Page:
Chuck Burton/AP WASHINGTON — Average U.S. rates on fixed mortgages declined last week, edging closer to historically low levels.
Mortgage buyer Freddie Mac said Thursday that the average rate for the 30-year loan fell to 4.32 percent from 4.37 percent last week. The average for the 15-year mortgage eased to 3.32 percent from 3.38 percent.
Mortgage rates have risen about a full percentage point since hitting record lows roughly a year ago.
The increase was driven by speculation that the Federal Reserve would reduce its $85 billion-a-month bond purchases, which have helped keep long-term interest rates low.
Deeming the economy to be gaining strength, the Fed announced in December and January — and again Wednesday — that it was reducing its monthly bond purchases.
The Fed said after its latest two-day policy meeting that even after it raises short-term interest rates, the job market strengthens and inflation rises, the central bank expects its benchmark short-term rate to stay unusually low.
Fed Chair Janet Yellen stressed that with the job market still weak, the Fed intends to keep short-term rates near zero for a “considerable” time and would raise them only gradually. Yellen also suggested that the Fed could start raising rates six months after it halts its monthly bond purchases, which most economists expect by year’s end. That means short-term rates could rise by mid-2015.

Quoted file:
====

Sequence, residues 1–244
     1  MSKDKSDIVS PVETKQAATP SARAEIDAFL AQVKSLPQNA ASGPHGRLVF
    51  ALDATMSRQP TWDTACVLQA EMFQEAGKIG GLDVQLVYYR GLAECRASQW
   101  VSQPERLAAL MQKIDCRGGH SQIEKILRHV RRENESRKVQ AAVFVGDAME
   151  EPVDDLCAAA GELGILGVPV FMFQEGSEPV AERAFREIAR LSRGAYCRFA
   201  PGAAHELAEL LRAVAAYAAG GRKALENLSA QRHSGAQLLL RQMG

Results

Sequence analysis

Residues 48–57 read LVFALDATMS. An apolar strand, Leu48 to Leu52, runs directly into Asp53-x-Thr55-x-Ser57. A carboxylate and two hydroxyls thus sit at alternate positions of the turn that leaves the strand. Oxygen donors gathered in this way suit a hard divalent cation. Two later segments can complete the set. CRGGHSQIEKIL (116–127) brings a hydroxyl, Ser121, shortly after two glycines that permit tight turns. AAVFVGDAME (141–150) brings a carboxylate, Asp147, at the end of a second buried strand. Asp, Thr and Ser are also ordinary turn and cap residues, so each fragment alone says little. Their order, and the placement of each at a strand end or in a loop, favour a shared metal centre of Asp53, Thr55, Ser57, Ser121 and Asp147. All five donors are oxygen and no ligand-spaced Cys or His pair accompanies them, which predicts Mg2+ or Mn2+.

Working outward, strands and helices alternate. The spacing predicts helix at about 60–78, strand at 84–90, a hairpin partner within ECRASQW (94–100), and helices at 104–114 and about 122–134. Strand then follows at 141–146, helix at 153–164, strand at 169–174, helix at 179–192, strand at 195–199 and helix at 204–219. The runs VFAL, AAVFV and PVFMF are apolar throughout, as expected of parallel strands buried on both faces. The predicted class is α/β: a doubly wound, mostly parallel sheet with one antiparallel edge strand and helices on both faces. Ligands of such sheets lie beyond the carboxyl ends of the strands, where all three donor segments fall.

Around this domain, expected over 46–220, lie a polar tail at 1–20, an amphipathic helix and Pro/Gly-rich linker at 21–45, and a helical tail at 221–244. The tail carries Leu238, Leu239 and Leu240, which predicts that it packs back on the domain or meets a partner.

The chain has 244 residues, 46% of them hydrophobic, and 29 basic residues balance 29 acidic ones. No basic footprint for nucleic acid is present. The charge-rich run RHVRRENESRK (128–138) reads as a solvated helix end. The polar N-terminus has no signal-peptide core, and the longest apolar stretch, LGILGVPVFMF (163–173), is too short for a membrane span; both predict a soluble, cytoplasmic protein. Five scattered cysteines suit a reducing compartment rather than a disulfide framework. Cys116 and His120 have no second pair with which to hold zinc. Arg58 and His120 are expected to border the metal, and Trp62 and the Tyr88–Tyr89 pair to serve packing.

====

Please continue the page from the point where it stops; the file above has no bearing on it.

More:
The National Association of Realtors reported Thursday that sales of U.S. existing homes slipped in February, the sixth decline in seven months as severe winter weather, rising prices and a tight supply of homes discouraged buyers.
Still, there were some signs that the market could pick up in the coming months. Sales improved in the South and West, where weather was less of a factor. And more people decided to sell, boosting the supply of available homes.
To calculate average mortgage rates, Freddie Mac surveys lenders across the country Monday through Wednesday each week. The average doesn’t include extra fees, known as points, which most borrowers must pay to get the lowest rates. One point equals 1 percent of the loan amount.